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The Colorado Springs and Denver housing markets have at least one thing in common: a drastic shortage of homes for sale that has driven up prices, put sellers in the enviable position of fielding multiple offers and led to disappointed buyers who can’t find the house of their dreams.

In the Colorado Springs area, a miniscule 675 single-family, detached homes were listed for sale at the end of November, according to a new Pikes Peak Association of Realtors report. The supply plunged nearly 60% from November of last year and was the lowest monthly total over at least 25 years, data compiled by The Gazette show. Five years ago, the November inventory topped 2,600.

Likewise, the greater Denver-area supply of single-family, detached homes available at the end of last month fell to a record low of 1,755, a 62.7% year-over-year decline, the latest Denver Metro Association of Realtors report shows.

With such tight inventories, the supply of single-family homes listed for sale in the Springs and Denver areas would be exhausted over roughly two weeks if sales continued at their current pace and no more homes came onto the market, the reports show.

Though frustrating for buyers, the shortage of homes for sale signals a strong housing market and healthy economy, said George Nehme, a real estate agent with The Platinum Group Realtors in Colorado Springs and the Pikes Peak Association of Realtors’ incoming board chairman for 2021.

Newcomers continue to move to the Pikes Peak region, while employers such as online retail giant Amazon are adding jobs, despite the ongoing COVID-19 pandemic, Nehme said. Amazon will open a nearly 4 million-square-foot fulfillment center in 2021 near the Colorado Springs Airport.

“People are moving here and loving what Colorado Springs is all about. We have Southwest and In-N-Out Burger,” said Nehme, referring to the planned March launch of Southwest Airlines service in the Springs and In-N-Out’s north side opening last month. “We have so much happening. It’s good.”

Andrew Abrams, broker owner of A-Squared Real Estate in Denver and chairman of the market trends committee for the Denver Realtors group, said Colorado, as a whole, continues to draw new residents attracted by the state’s quality of life and job growth.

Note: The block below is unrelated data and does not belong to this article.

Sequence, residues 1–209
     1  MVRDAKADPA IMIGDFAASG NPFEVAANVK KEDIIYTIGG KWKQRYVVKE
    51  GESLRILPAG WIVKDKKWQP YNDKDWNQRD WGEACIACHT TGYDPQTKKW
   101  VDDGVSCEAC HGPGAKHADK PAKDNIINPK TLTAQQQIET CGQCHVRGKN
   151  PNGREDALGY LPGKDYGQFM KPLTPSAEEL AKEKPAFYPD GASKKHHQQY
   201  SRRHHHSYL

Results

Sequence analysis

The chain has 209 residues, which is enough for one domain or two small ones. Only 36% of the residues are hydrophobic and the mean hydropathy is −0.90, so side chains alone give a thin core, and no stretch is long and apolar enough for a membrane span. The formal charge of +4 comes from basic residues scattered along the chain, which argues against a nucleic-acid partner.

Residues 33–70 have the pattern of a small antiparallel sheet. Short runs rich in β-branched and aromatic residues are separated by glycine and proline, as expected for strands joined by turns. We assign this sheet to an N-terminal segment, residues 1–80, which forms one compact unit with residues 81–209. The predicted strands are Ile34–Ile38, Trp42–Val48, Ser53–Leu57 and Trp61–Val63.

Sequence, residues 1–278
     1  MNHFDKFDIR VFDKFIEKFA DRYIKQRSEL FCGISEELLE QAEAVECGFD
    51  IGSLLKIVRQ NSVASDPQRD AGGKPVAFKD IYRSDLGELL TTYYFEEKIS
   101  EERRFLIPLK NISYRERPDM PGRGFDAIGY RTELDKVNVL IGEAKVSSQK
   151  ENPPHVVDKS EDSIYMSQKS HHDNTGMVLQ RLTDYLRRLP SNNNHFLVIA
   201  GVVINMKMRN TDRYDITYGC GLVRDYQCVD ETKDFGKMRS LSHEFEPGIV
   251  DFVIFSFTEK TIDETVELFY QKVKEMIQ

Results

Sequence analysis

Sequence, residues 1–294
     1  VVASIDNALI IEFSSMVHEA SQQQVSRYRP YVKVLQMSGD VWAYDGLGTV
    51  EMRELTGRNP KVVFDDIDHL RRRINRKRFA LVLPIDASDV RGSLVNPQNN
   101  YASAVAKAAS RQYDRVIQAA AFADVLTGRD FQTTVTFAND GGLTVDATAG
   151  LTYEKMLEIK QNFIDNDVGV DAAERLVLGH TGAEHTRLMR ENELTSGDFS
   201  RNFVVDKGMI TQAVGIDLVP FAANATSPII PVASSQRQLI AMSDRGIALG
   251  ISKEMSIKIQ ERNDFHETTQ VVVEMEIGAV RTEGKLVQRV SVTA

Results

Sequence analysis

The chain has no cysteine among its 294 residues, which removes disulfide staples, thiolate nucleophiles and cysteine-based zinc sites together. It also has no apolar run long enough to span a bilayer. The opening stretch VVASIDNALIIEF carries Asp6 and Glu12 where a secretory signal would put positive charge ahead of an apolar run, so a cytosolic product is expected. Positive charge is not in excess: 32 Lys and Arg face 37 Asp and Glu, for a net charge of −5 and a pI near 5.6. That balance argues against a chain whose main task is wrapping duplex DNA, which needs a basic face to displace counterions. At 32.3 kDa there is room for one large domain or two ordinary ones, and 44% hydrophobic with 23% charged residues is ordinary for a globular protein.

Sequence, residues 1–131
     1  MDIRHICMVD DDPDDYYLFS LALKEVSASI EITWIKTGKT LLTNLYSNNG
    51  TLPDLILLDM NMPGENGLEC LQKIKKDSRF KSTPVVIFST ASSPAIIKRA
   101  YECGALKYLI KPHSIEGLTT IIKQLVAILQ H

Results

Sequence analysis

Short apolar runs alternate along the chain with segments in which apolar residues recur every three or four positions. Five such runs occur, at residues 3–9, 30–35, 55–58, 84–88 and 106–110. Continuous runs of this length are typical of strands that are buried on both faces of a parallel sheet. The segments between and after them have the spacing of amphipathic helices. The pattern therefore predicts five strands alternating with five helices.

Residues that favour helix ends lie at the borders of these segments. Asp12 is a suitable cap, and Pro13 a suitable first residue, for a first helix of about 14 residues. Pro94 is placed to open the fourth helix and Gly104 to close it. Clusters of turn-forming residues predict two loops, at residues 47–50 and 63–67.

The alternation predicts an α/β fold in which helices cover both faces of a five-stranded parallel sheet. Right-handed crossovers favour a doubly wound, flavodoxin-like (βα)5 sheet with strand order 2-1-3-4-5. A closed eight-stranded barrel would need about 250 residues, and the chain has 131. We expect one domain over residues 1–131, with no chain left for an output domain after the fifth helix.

“This is a highly desirable place with a lot of jobs coming in,” Abrams said. “There’s not a lot of states where you can play golf and ski in the same day and have all these amenities available.”

Colorado’s desirability, however, has translated into a furious demand for homes.

The Pikes Peak Association of Realtors reported sales totaled 1,482 in November, a nearly one-fourth jump over the time a year ago.

Denver-area sales of 3,402 during the month rose just over 9% on a year-over-year basis. All price ranges were popular in greater Denver; in fact, sales were most active among homes priced at over $1 million, according to the Denver Metro Association of Realtors report. 

As housing supplies tighten and demand continues, prices keep escalating. 

The Springs-area median price of single-family, detached homes sold in November increased to $380,000, up nearly 17% from the same month last year; in Denver, the median price was $513,000, a 14% jump from a year ago.

But if there’s a demand for homes and sellers can fetch top dollar, why don’t more owners put their properties on the market?

In the Colorado Springs area, many homeowners enjoy where they’re living, Nehme said. They like their schools and  neighborhoods. Historically low mortgage rates, meanwhile, have allowed them to refinance their loans and lower their monthly payments, which makes it easier to stay put, he said.

Some homeowners also worry whether they can find another home if they choose to sell the one they have, Abrams said.

“One of the biggest contributions to the lack of inventory is not knowing where they would go for more value,” he said. “Unless you’re having a lifestyle change, there’s really no incentive to be moving right now.”

Homes remain under construction in the Denver area, he added, but “it’s certainly not substantial enough to kind of increase the supply to change this scarcity problem.”

Construction is booming in the Colorado Spring area; single-family homebuilding permits in El Paso County have surpassed 4,000 so far this year, the first time permits have exceed that mark in 15 years. Even so, builders say those homes are being snapped up by newcomers to the area and by buyers who can’t find houses on the resale market.

The shortage of homes has helped create a sellers market. Homeowners often can pick and choose from multiple bids that exceed their asking price. Nehme said he represents a seller whose home will be listed Saturday at under $400,000 — a highly desirable price in Colorado Springs.

“We expect it to sell quickly,” he said.

While great for sellers, the supply-and-demand issues have left many buyers frustrated; they find themselves engaged in bidding wars over several weeks and even months as they search for homes.

And as prices rise in both the Springs and Denver, some real estate agents worry that many people will be priced out of the market.

“The question will become, at what point does this become unattainable? Abrams said. “It’s a question I don’t have an answer for.”

This content was originally published here.